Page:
April 15, 1999
Contact: Kevin Marvel, American Astronomical Society|
Nadine Lymn, Ecological Society of America
Over 200 science and business leaders will participate in Congressional Visits Day on 21 and 22 April, 1999. This event is remarkable for bringing together a wide range of scientific disciplines and a host of technical industries to convey to Members of Congress the core message that federal support for research and development is essential and that R&D partnerships between government, industry, and universities play a critical role. This year, the event will also honor three Members of Congress for their legacy of commitment to science and technology.
Congressional Visits Day is organized by the Science-Engineering-Technology (SET) Work Group, a DC-based coalition of 35 professional scientific societies, and the Coalition for Technology Partnerships, a group of over 100 companies, trade associations and technical societies. The full day of congressional visits underscores the vital connections between federally funded science and technology, and the partnerships between government, universities, and industries.
"We're focused on the future vitality of the U.S. science, mathematics, and engineering enterprise," explains David Applegate, Director of Government Affairs at the American Geological Institute and co-chair of the SET Work Group.
"Congressional Visits Day involves scientists, engineers, and business leaders--who are also constituents--articulating the essential role federally funded research and development plays in our nation's quality of life and economy," adds Kathleen Kingscott, Public Policy Director for Science and Technology at IBM Corporation and chair of the Coalition for Technology Partnerships.
Deborah Rudolph, co-chair of SETWG, and Manager at IEEE-USA, notes that part of the strength of the federal R&D system is its diversity across many agencies with a wide variety of missions that rely fundamentally on science and technology.
"This diversity reflects the interdependence of scientific disciplines and the growing interdisciplinary nature of the research required to solve current and future scientific and technological challenges," says Rudolph.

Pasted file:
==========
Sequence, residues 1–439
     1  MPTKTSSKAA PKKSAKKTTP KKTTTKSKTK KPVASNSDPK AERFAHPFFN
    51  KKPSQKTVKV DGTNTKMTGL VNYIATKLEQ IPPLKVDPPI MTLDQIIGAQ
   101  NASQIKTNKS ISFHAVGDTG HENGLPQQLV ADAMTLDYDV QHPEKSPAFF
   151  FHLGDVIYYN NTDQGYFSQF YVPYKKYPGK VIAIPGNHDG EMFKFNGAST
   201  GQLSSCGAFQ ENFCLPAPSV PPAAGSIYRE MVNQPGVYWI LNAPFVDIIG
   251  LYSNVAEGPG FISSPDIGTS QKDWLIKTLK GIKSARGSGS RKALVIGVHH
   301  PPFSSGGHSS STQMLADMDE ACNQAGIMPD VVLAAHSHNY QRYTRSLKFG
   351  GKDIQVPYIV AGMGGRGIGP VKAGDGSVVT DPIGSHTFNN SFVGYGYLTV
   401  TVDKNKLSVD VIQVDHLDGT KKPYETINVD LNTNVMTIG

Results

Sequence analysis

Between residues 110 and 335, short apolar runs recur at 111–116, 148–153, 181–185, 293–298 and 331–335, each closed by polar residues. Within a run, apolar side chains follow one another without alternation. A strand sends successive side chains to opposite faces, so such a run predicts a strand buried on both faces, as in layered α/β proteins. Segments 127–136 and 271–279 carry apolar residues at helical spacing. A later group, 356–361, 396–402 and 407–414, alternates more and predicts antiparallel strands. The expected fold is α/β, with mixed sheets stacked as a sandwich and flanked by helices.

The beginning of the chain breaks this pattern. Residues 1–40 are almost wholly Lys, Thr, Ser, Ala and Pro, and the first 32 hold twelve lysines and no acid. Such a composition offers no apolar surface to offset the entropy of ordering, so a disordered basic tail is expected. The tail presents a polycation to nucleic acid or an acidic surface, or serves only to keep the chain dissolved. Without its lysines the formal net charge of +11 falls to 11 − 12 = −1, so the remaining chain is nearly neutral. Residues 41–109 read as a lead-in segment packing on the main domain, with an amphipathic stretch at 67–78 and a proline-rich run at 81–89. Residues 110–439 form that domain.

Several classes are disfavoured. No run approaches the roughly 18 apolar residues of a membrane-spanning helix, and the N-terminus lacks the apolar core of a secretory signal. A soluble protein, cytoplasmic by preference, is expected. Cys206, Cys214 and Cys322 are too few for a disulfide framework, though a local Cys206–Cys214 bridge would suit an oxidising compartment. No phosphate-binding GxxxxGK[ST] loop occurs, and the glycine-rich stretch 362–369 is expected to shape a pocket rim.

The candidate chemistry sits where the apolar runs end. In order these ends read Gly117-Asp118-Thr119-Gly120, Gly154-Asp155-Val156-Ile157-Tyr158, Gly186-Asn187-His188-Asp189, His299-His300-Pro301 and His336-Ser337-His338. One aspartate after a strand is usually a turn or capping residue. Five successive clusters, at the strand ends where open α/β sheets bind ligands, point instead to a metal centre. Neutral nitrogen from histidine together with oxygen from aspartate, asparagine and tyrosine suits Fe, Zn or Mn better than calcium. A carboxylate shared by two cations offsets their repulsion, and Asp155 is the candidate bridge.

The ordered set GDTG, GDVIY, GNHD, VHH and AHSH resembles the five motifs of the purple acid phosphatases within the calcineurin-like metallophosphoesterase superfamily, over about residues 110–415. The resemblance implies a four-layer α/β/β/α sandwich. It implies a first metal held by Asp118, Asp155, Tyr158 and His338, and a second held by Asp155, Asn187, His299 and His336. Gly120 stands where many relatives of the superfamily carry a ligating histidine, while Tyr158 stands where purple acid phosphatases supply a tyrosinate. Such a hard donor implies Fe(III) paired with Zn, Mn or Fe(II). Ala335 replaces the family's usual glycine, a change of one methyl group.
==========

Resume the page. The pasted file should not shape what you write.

More than 50 percent of all industrial innovation and growth in the United States since World War II can be attributed to advances pioneered through scientific research, with publicly funded science the vital foundation for society's scientific and technological progress. Achievements from federally funded science and technology include global environmental monitoring, lasers, liquid crystal displays, and the Internet.
As a new component to the annual event, SETWG and CTP will present three lifetime leadership awards to Representative George Brown (D-CA), and Senators Pete Domenici (R-NM), and Joseph Lieberman, (D-CT) on the evening of April 21st. All three legislators have demonstrated a career-long commitment to science and technology at the federal level.
Throughout his long tenure in the House, Rep. Brown, Ranking Minority Member of the Science Committee, has been a strong and vocal advocate of the nation's science enterprise. Brown has always believed that "science is an investment in our future" and acted accordingly. Responsible for creating the now defunct Office of Technology Assessment, Brown displayed forward thinking, attempting to provide the federal government with a mechanism for deciding which projects were feasible at any given time. Senator Domenici, Chairman of the Senate Budget Committee, has promoted alliances of business, government and education that secure existing jobs and develop new employment opportunities. Domenici has long been a strong proponent of science and science research from his support for national laboratories, to his advocacy for human genome research. Senator Lieberman, Senate Governmental Affairs Ranking Minority Member, has also taken a strong leadership role in support of science and technology, in both civilian and military arenas. Along with Domenici and other Senators, he has been a lead sponsor of Senate Bill 296, the Federal Research Investment Act, and has led efforts on previous versions of this bill. Lieberman also actively supported the R&D tax credit and advocates making the credit permanent.
SETWG is an information network comprising professional, scientific, and engineering societies, higher education associations, institutions of higher learning, and trade associations. The Work Group is concerned about the future vitality of the U.S. science, mathematics, and engineering enterprise. CTP is a group of businesses, trade associations, and technical societies that have joined forces to advocate science and technology partnerships.
Posted: April 15, 1999
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